He told His followers that He must soon ascend to His Father in Heaven. As the time of His ascension drew nigh, the Lord, in that last solemn interview, gave His parting instructions to His disciples.
When Christ and the disciples had gone “as far as to Bethany,” where Mary, Martha, and Lazarus lived, He “lifted up his hands, and blessed them” (Luke 24:50). And when He had spoken, He was taken up until a cloud received Him out of their sight. As the Apostles stood gazing toward heaven, two personages clothed in white apparel appeared. They spoke to the eleven, saying, “Ye men of Galilee, why stand ye gazing up into heaven? this same Jesus, which is taken up from you into heaven, shall so come in like manner as ye have seen him go into heaven” (Acts 1:9–11).
Worshipfully and with great joy, the Apostles returned to Jerusalem. The Lord’s ascension was accomplished. It was truly a literal departure of a material being, as His resurrection had been an actual return of His spirit to His own physical body. Now the disciples began to comprehend more fully some of His last words—“Be of good cheer; I have overcome the world” (John 16:33). Because of Christ, the grave had no permanent victory. Death was overcome!
He lives today! Of that I bear solemn witness. This same Jesus has already come to earth in our day. The resurrected Christ—glorified, exalted, the God of this world under the Father—appeared to the boy Joseph Smith, Jr., in 1820. This same Jesus, who was the God of Abraham, Isaac, and Jacob, the God of Moses, the Creator of this earth, has come in our day. He was introduced by our Heavenly Father to Joseph Smith with these words: “This is My Beloved Son. Hear Him!” (JS—H 1:17).
There are some in our midst who sponsor the sophistry that this appearance of God the Father and His Son, Jesus Christ, was not literal, that it was probably a product of Joseph Smith’s own imaginings. That is not true. This is an attempt to discredit the testimony of Joseph Smith. It is also an attempt to discredit the testimony of Jesus Himself, who came to Joseph as a witness of His own resurrection.
The appearance of God the Father and His Son, Jesus Christ, to Joseph Smith is the greatest event that has occurred in this world since the resurrection of the Master. As the restored Church of Jesus Christ, we humbly and gratefully bear this witness to all men. It is the truth, intended for all of our Father’s children. Here is the further testimony of Joseph Smith and Sidney Rigdon, who received this glorious vision in February 1832:
“And now, after the many testimonies which have been given of him, this is the testimony, last of all, which we give of him: That he lives!
“For we saw him, even on the right hand of God; and we heard the voice bearing record that he is the Only Begotten of the Father—
“That by him, and through him, and of him, the worlds are and were created, and the inhabitants thereof are begotten sons and daughters unto God” (D&C 76:22–24).
Yes, Jesus is the Christ! He broke the bands of death. He is our Savior and Redeemer, the very Son of God. And He will come again as our resurrected Lord. That day is not far distant. It is evident to all who accept the Savior’s literal resurrection that life does not end at death. Our Lord promised, “Because I live, ye shall live also” (John 14:19).
There is additional significance of His resurrection to those of us who believe and accept latter-day revelation. It was through Joseph Smith that the God of heaven revealed the truth that the family may endure beyond the grave—that the sympathies, affections, and love for each other may exist forever. One of the early Apostles of this dispensation, Elder Parley P. Pratt, wrote:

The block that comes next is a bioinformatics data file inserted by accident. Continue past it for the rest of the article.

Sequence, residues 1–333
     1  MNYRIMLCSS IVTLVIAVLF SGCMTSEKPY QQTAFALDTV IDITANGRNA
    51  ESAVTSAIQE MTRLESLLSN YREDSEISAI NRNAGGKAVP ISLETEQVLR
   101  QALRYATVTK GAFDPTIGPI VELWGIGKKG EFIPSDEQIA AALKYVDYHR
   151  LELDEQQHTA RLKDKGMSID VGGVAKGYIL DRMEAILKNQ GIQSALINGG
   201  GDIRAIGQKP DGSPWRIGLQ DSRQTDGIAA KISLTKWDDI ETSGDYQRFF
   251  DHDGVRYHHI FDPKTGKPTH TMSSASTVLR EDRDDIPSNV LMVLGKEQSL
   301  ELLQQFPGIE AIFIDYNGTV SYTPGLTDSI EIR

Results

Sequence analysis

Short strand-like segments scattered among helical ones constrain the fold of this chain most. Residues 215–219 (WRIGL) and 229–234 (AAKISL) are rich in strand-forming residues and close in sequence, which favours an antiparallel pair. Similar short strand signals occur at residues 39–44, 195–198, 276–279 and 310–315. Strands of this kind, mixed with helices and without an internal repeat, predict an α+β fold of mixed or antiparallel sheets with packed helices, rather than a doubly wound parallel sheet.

“It was Joseph Smith who taught me how to prize the endearing relationships of father and mother, husband and wife; of brother and sister, son and daughter.
“It was from him that I learned that the wife of my bosom might be secured to me for time and all eternity; and that the refined sympathies and affections which endeared us to each other emanated from the fountain of divine eternal love. It was from him that I learned that we might cultivate these affections, and grow and increase in the same to all eternity. …
“It was from him that I learned the true dignity and destiny of a son of God, clothed with an eternal priesthood, as the patriarch and sovereign of his [family]. It was from him that I learned that the highest dignity of womanhood was, to stand as a queen and priestess to her husband. …
“I had loved before, but I knew not why. But now I loved—with a pureness—an intensity of elevated, exalted feeling, which would lift my soul from the transitory things of this grovelling sphere and expand it as the ocean. I felt that God was my heavenly Father indeed; that Jesus was my brother, and that the wife of my bosom was an immortal, eternal companion; a kind ministering angel, given to me as a comfort, and a crown of glory for ever and ever. In short, I could now love with the spirit and with the understanding also” (Autobiography of Parley P. Pratt, Salt Lake City: Deseret Book Company, 1968, pages 297–98).
We qualify for these blessings when we go with a companion to the house of the Lord and receive the sealing ordinances that bind the family unit beyond the grave. These blessings are received in no other way, for as the Lord has decreed, “Except ye abide my law ye cannot attain to this glory” (D&C 132:21), which glory is an eternal increase. (See D&C 132:19.)
But there is another responsibility we have in binding our family units together—this, too, revealed through the Prophet of this dispensation. Jesus said to His Apostles, “The works that I do shall [ye] do also; and greater works than these shall [ye] do; because I go unto my Father” (John 14:12).
One of the works He has commissioned in these latter days is that we who have received the ordinances of exaltation do the ordinance and sealing work for our progenitors who have not had the opportunity to receive the gospel while in mortality. Ours is the privilege of opening the doors of salvation to those souls who may be imprisoned in darkness in the world of spirits, that they may receive the light of the gospel and be judged the same as we. Yes, “the works I do”—proffering the saving ordinances of the gospel to others—“shall [ye] do also.” How many thousands of our kindred yet await these sealing ordinances?
It is well to ask, “Have I done all I can as an individual on this side of the veil? Will I be a savior to them—my own progenitors?”
Without them, we cannot be made perfect! Exaltation is a family affair.
Yes, because He lives, we shall also. Because He lives, the love and family association we cherish on this side of the veil may be perpetuated into the eternities. Because He lives, we may share in the glory that is enjoyed by the holiest of all—our Father in Heaven.
There is life after death. Testimony is abundant regarding the resurrection of Jesus Christ.
The Lord has commissioned us to do the ordinance work for our progenitors who have not had an opportunity to receive the gospel while in mortality.